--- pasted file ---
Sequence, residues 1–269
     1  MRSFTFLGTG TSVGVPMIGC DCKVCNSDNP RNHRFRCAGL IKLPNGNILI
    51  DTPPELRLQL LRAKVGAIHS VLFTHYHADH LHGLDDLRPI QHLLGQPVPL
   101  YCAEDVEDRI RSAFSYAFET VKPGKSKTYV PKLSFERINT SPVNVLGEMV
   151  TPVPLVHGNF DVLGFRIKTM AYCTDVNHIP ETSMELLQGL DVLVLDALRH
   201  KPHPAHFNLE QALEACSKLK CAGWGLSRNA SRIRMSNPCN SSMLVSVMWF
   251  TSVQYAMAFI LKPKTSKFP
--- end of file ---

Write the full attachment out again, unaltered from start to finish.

Sequence, residues 1–269
     1  MRSFTFLGTG TSVGVPMIGC DCKVCNSDNP RNHRFRCAGL IKLPNGNILI
    51  DTPPELRLQL LRAKVGAIHS VLFTHYHADH LHGLDDLRPI QHLLGQPVPL
   101  YCAEDVEDRI RSAFSYAFET VKPGKSKTYV PKLSFERINT SPVNVLGEMV
   151  TPVPLVHGNF DVLGFRIKTM AYCTDVNHIP ETSMELLQGL DVLVLDALRH
   201  KPHPAHFNLE QALEACSKLK CAGWGLSRNA SRIRMSNPCN SSMLVSVMWF
   251  TSVQYAMAFI LKPKTSKFP